Fireworks, postponements, and that time last year when he got it right.

Photo credit: Portland (Maine) Press Herald

Owing to heavy rain, New Albany’s corporate fireworks were postponed from July 3 to August 6. For excuses to view fireworks on August 6, consult this list. Perhaps the mayor and I can agree that Cara Lott’s birthday is the most solid reason of all to blow things up on this later date.

At least two local news outlets reported that today’s fireworks were cancelled and postponed. Plainly, this is bad usage. What is it about the meaning of the word “postpone” that throws them?

To cause or arrange for (something) to take place at a time later than that first scheduled.

As I write, the neighborhood amateurs are busy making noise, and there is some consolation in the fact that being waterlogged reduces the likelihood of something catching fire.

In turn, it reminds me that last year about this time, Chris Morris finally encountered a topic he could wrestle successfully to the ground — and he did.

Amateur fireworks shook his house, scared his dog, and roused his elder bile. Turns out that Tip O’Neill was right, and all politics is local, after all. Morris got it right.

But the irony still resonates.

Let me make precisely the same arguments with regard to the heavy trucks on Spring Street shaking my house, and one-way arterial traffic depressing revitalization in my neighborhood, and the interests of small business being maligned by City Hall’s streets timidity, and Morris immediately and instinctively sides with the oppressors.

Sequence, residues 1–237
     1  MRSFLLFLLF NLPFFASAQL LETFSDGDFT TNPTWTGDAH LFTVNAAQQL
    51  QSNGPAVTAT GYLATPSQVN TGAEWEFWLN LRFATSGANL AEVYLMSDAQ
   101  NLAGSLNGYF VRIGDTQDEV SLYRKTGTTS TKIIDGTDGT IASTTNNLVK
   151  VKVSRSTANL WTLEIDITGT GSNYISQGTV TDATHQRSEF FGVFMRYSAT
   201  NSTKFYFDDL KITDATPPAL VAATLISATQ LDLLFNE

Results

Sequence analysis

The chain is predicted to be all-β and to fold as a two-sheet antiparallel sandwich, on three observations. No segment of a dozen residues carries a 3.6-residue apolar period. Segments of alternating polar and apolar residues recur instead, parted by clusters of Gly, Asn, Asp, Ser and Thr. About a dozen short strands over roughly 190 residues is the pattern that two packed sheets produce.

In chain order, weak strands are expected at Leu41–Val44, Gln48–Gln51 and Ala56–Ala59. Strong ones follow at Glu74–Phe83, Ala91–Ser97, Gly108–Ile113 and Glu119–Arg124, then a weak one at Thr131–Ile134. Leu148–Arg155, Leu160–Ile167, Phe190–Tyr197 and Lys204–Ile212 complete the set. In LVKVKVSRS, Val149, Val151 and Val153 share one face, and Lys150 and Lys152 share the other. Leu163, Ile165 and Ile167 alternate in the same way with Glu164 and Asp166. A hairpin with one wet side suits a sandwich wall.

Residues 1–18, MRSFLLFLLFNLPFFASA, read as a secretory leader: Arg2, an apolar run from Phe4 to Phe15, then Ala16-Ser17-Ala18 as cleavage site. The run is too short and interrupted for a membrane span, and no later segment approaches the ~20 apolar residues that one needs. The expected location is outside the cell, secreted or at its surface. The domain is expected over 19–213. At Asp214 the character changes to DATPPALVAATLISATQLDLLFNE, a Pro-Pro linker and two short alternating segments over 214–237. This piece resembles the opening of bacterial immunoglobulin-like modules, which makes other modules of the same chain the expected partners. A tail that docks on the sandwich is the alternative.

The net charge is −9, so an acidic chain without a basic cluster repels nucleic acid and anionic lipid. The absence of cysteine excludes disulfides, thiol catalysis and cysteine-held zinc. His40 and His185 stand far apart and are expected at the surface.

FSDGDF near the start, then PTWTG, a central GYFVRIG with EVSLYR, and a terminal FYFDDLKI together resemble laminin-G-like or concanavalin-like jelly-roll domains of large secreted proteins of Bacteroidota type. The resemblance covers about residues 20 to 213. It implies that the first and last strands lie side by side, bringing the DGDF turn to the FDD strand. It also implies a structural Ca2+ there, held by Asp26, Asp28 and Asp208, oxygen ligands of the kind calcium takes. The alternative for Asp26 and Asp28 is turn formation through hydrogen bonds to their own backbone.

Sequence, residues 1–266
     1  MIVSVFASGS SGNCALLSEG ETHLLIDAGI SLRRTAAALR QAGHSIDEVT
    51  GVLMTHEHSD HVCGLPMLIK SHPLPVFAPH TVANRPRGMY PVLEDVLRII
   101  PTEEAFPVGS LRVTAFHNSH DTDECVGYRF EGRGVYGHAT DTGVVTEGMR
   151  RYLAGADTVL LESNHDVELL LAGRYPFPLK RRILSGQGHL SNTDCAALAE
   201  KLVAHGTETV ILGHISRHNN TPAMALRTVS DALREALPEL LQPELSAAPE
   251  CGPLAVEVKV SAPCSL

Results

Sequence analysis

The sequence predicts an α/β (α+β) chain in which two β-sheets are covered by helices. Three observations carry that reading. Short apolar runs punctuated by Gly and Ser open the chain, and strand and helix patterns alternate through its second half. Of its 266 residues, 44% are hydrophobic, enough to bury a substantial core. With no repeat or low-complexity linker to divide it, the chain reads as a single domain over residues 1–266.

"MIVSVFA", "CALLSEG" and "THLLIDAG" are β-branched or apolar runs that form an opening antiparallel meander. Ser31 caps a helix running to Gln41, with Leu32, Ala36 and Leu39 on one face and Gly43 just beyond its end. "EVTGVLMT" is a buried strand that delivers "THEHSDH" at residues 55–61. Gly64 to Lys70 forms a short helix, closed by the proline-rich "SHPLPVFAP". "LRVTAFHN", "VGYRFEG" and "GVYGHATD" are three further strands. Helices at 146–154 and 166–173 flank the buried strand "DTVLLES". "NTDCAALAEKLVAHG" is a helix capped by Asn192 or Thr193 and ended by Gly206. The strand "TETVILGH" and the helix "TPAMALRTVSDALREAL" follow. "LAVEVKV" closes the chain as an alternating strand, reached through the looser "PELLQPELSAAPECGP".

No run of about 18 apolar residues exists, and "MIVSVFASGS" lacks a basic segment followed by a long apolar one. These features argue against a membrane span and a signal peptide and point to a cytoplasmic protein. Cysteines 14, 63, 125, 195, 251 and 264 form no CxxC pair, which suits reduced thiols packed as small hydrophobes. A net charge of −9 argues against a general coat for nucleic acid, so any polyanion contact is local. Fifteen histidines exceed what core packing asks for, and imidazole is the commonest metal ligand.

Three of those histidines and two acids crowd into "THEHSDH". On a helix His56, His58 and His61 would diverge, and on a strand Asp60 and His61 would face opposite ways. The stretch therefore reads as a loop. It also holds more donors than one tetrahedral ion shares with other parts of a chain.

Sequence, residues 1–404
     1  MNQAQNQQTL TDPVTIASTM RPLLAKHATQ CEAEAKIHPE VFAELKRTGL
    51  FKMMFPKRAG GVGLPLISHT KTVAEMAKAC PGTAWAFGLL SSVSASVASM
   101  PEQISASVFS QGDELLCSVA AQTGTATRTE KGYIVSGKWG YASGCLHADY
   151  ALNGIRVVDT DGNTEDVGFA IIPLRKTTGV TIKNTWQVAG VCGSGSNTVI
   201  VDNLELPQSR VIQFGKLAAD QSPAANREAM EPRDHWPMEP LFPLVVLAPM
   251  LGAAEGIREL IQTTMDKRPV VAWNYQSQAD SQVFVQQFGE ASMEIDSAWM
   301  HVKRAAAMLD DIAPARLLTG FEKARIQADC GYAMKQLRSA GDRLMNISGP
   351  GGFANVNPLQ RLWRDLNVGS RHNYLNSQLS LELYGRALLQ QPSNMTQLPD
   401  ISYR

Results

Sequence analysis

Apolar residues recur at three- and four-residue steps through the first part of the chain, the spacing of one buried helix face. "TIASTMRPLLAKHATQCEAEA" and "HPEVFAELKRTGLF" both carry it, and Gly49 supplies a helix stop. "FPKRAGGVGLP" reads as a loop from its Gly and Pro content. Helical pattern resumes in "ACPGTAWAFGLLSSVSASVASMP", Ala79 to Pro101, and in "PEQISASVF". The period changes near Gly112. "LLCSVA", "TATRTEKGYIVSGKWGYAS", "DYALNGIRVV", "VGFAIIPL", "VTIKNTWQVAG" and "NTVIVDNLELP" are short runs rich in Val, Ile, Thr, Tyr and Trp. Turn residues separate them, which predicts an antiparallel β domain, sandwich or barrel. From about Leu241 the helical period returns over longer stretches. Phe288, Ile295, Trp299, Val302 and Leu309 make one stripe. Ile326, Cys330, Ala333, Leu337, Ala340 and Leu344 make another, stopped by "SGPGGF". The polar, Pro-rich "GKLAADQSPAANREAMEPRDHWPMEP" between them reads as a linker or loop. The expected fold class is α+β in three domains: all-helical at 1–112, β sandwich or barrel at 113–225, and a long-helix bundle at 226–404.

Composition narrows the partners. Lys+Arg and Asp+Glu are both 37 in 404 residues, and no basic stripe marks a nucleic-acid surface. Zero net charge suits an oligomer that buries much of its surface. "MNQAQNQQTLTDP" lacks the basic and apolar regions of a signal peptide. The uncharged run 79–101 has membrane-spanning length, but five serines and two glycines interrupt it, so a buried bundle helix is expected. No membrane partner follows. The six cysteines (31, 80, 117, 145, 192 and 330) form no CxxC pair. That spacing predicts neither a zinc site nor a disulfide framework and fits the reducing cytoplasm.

“What’s Padgett supposed to do, Rog — move?”

That’s certainly one option, as is undertaking to fight the fireworks lobby and impose a few basic rules out of considerations of public safety, these being the very same considerations of public safety arguing quite persuasively for a two-way, calmed street grid.

As I said, he got this one right. Now he merely needs to work on his consistency, and we may yet gain a street reform advocate.

MORRIS: It’s time to ban the big boom, by Chris Morris (Clark County Thymes)

… I think some fireworks should remain on the market. I think the big stuff that explodes in the air, over my house, or rattles windows and threatens mankind should be left to the professionals.

The fireworks law in this state needs clarification. Basically, some items need to be banned. I am as patriotic as the next guy, but I don’t have to light explosives near my neighbor’s front door in order to prove that. I know fireworks are big business and generate needed tax revenue for the state, but there has to be a law that is fair to everyone.